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Bonhoeffer and Interpretive Theory

Essays on Methods and Understanding

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Edited By Peter Frick

How does the contemporary reader make sense of the life and writings of such an icon as Dietrich Bonhoeffer? The essays in this volume seek to address this question by carefully examining the social, cultural, religious and intellectual locations that inform the Sitz im Leben of a vast readership of Bonhoeffer. The focus of each of the essays is thus on the task of articulating and clarifying a hermeneutically self-conscious and responsible approach to interpreting and understanding Bonhoeffer. The authors come from widely divergent backgrounds, both geographically and intellectually, and therefore offer a wide spectrum of dialogue. Methods and approaches examined in the essays discuss themes such as gender, religion, race, ecology, politics, philosophy, literature among others.

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Andres S. K. Tang: Interpreting Dietrich Bonhoeffer’s Theologyof Sociality through the Lens of Confucianism Humanism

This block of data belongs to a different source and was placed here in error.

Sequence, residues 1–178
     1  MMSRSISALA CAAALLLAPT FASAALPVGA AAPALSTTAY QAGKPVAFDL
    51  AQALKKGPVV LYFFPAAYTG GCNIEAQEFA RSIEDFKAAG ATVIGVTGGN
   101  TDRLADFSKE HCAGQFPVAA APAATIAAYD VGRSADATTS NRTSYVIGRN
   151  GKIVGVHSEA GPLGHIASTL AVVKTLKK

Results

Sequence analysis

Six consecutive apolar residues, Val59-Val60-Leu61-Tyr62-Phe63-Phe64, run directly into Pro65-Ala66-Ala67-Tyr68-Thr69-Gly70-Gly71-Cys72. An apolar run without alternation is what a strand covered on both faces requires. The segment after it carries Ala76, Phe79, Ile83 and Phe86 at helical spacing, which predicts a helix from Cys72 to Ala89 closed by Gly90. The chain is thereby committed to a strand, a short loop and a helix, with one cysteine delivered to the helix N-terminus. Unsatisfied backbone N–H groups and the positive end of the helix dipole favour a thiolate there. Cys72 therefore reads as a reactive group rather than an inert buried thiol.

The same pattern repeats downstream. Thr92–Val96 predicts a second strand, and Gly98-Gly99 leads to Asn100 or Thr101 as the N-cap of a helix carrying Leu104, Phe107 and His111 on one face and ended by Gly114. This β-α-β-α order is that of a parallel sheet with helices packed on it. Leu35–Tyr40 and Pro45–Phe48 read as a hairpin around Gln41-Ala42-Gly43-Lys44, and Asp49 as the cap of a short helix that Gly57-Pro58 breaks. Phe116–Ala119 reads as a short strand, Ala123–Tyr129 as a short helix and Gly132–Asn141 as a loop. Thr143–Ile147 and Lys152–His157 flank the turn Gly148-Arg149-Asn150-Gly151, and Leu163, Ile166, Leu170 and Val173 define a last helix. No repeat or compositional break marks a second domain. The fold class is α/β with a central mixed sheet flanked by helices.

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Andres S. K. Tang Interpreting Dietrich Bonhoeffer’s Theology of Sociality through the Lens of Confucianism Humanism Introduction Reading Dietrich Bonhoeffer is necessarily a vast and diverse experience for different cultures in different places and times. Being a contemporary Chi- nese Christian, I am inescapably bound up with Chinese culture, in which I was brought up. My study of Chinese philosophy from a contempor- ary philosophical perspective, especially from the point of view of German Idealism and Phenomenology, has led me to re-interpret Chinese philoso- phy in a rather differentiated way. Also, as a Christian with theological training, I have been engaged in comparative studies between Christian theology and Chinese philosophy and both of these in dialogue with Ger- man Idealism and Phenomenology. Given such a background, I come to understand Bonhoeffer’s theology by way of a detour. I am mindful of the fact that I am not approaching Bonhoeffer exclusively as a Christian, but a Chinese Christian with philosophical training and interest. As a student of Mou Zongsan (ㄸ㽺㑻, 1909–1994), a contemporary Neo-Confucian philosopher, I read Confucianism in a twofold way. On the one hand, I have come to appreciate Mou’s re-interpretation and re- construction of Confucianism by means of critically employing Kantian philosophy. On the other hand, however, as a Christian I have been find- ing alternative ways of understanding Confucianism, usually by means of a phenomenological analysis in close dialogue with the Christian tradition. Therefore, my methodological approach to Bonhoeffer is complex. I will critically engage Mou’s Confucianism...

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